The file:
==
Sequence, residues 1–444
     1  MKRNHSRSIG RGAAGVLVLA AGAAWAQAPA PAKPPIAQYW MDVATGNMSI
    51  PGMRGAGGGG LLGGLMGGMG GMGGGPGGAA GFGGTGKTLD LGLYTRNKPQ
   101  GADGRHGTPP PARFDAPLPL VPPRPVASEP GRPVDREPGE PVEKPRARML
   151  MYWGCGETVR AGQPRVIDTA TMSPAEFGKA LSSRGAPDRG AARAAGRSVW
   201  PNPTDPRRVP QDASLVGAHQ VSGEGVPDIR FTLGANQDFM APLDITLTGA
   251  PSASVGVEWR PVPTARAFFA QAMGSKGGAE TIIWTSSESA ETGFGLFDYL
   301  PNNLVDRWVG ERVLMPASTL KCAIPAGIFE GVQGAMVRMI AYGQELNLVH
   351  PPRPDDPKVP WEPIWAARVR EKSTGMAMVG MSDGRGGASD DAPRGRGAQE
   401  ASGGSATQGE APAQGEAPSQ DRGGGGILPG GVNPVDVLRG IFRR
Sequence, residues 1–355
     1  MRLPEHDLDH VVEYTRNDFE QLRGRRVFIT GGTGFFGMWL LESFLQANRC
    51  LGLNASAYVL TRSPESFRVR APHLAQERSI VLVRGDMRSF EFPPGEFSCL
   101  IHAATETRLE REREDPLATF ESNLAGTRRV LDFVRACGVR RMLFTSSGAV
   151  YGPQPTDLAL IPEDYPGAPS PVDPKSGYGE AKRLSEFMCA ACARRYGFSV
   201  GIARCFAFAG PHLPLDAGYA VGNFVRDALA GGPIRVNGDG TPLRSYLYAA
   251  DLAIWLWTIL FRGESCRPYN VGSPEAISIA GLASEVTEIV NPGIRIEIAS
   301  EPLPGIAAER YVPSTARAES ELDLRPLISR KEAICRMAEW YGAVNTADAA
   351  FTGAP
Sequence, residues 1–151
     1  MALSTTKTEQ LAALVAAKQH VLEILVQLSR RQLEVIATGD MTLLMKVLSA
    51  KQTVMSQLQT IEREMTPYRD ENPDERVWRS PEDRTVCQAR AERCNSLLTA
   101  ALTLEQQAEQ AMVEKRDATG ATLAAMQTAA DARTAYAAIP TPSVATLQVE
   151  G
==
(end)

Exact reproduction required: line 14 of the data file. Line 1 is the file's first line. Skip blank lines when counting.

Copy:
   101  IHAATETRLE REREDPLATF ESNLAGTRRV LDFVRACGVR RMLFTSSGAV